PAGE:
Posted on December 24 2010 by Nathanial Rumphol-Janc
Princess Zelda, even though you may be the titular character of The Legend of Zelda series, you are definitely not the focus. The series may be named after you, but you are not an integral part of it. You alone do not make Zelda what it is; there are numerous other aspects that make up Zelda games. There’s the Triforce, Hyrule, The Master Sword, Ganondorf and of course, Link himself. The funny thing is that out of all of these elements, Link is the only one that has been present in every game. You, Princess Zelda, haven’t been, nor need you be for that matter.
Zelda games always trace the journey of our hero, Link, and that’s who they are about. He is the focus. Miyamoto may have chosen to name the series after the influential woman Zelda Fitzgerald, but his real inspiration for making The Legend of Zelda was from childhood memories of exploring the vast open world around him. It was always about the journey of the hero. That’s why it makes so much sense that the second installment was called The Adventure of Link – the most well named title in the series.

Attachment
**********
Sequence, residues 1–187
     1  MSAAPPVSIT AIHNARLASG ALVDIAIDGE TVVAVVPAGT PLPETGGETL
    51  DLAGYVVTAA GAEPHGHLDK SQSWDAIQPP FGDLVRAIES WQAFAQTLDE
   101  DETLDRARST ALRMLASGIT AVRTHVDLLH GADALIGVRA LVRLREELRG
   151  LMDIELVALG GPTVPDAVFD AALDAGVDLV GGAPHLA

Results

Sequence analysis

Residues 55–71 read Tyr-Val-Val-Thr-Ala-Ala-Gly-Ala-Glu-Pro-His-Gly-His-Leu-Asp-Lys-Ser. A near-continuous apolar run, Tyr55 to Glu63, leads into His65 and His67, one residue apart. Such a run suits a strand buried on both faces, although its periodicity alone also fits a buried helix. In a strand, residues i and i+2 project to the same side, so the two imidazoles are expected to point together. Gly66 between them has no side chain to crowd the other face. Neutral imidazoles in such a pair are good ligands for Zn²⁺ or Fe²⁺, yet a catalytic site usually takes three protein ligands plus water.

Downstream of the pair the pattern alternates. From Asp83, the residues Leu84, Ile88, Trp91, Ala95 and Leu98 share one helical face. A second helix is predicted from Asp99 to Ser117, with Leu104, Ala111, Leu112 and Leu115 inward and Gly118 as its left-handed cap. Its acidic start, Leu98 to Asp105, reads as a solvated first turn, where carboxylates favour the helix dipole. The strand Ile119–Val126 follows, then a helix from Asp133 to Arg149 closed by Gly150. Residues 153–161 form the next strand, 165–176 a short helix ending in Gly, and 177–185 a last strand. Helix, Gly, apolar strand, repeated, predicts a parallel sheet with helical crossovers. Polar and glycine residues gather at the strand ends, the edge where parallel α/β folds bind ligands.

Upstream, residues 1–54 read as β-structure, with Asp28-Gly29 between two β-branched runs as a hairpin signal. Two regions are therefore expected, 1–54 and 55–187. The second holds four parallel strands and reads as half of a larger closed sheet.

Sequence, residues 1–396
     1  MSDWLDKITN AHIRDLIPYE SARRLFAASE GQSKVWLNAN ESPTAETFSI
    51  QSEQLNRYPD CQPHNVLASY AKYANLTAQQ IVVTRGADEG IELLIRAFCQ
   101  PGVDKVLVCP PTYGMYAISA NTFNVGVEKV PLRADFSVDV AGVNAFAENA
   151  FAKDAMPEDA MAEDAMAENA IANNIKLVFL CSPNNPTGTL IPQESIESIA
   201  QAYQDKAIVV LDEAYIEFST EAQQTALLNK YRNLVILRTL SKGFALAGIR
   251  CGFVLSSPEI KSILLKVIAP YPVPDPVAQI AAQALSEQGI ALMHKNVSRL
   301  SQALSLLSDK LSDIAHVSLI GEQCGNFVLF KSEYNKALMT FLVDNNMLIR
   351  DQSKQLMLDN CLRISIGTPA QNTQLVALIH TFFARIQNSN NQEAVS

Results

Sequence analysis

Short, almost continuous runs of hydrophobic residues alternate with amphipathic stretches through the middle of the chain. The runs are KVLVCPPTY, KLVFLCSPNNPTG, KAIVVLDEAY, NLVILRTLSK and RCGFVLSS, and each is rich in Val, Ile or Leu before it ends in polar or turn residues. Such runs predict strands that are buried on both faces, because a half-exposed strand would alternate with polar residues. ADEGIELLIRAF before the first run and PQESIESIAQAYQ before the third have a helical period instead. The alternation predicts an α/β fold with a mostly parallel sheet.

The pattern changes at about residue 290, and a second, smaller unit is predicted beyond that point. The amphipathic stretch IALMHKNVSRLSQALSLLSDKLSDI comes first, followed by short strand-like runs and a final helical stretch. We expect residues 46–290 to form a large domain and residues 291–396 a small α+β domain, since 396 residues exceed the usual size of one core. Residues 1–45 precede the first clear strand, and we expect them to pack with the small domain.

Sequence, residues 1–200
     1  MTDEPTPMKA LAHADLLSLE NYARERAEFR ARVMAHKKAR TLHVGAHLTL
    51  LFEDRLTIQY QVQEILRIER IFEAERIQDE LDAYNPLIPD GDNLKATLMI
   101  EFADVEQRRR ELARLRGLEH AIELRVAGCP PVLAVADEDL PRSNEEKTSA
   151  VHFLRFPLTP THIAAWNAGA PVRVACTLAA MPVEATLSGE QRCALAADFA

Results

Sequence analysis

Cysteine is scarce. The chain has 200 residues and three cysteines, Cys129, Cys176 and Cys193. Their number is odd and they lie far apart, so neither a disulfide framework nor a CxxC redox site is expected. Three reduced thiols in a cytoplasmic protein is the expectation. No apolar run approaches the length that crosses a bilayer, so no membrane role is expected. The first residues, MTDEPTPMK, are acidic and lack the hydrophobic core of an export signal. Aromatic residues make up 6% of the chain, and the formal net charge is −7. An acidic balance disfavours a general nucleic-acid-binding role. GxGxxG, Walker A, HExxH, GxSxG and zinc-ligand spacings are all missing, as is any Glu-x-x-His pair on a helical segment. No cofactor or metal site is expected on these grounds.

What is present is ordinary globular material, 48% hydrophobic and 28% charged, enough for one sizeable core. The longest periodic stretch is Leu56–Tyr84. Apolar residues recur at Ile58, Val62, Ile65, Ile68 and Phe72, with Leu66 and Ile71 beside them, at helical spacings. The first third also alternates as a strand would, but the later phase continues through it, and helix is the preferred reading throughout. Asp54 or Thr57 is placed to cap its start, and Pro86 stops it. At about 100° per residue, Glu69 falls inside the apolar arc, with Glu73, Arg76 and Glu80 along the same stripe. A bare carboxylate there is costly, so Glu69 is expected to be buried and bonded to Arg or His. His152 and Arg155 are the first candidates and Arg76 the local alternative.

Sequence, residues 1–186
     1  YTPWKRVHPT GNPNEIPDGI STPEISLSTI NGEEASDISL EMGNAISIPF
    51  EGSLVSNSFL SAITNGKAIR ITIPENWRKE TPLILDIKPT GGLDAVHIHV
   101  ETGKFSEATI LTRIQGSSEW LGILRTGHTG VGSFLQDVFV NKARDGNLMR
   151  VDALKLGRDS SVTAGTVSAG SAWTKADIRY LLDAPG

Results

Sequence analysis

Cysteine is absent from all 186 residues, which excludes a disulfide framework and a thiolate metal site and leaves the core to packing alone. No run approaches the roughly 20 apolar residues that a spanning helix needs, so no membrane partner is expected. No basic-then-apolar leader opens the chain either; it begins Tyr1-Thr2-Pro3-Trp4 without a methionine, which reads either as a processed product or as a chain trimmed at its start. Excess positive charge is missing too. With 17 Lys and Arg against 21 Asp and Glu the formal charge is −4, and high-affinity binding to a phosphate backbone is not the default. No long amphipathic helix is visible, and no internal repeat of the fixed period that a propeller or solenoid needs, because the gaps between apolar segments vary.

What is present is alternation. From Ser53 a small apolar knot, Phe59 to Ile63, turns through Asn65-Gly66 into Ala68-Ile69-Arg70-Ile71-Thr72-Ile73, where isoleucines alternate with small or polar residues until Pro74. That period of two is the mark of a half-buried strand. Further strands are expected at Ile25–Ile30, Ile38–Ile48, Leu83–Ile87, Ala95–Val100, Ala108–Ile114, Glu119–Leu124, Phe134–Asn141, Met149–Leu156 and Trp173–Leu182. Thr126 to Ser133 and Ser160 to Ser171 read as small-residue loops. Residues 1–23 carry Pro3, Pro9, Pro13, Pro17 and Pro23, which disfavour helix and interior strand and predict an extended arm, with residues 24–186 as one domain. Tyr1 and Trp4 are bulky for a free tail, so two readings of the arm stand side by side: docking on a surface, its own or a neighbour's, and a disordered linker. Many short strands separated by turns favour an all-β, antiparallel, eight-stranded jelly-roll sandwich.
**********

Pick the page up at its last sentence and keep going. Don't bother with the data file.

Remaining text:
Nintendo realized that it was Link who is the titular character, and, hence, they gave him prime position in the sequel’s title. It’s such a shame that The Adventure of Link is largely considered a flop and the ‘black sheep’ of the series. (Wait, that’s not socially acceptable to say these days, is it?) Anyway, that’s likely the reason why Nintendo went back to the title ‘The Legend of Zelda’ as a prefix for A Link to the Past, which they’ve stuck with since. It was about establishing the brand of ‘The Legend of Zelda’, and riding on the success of the first game – ignoring the failure of its sequel. Thus Princess Zelda was once again returned to title prominence in the series.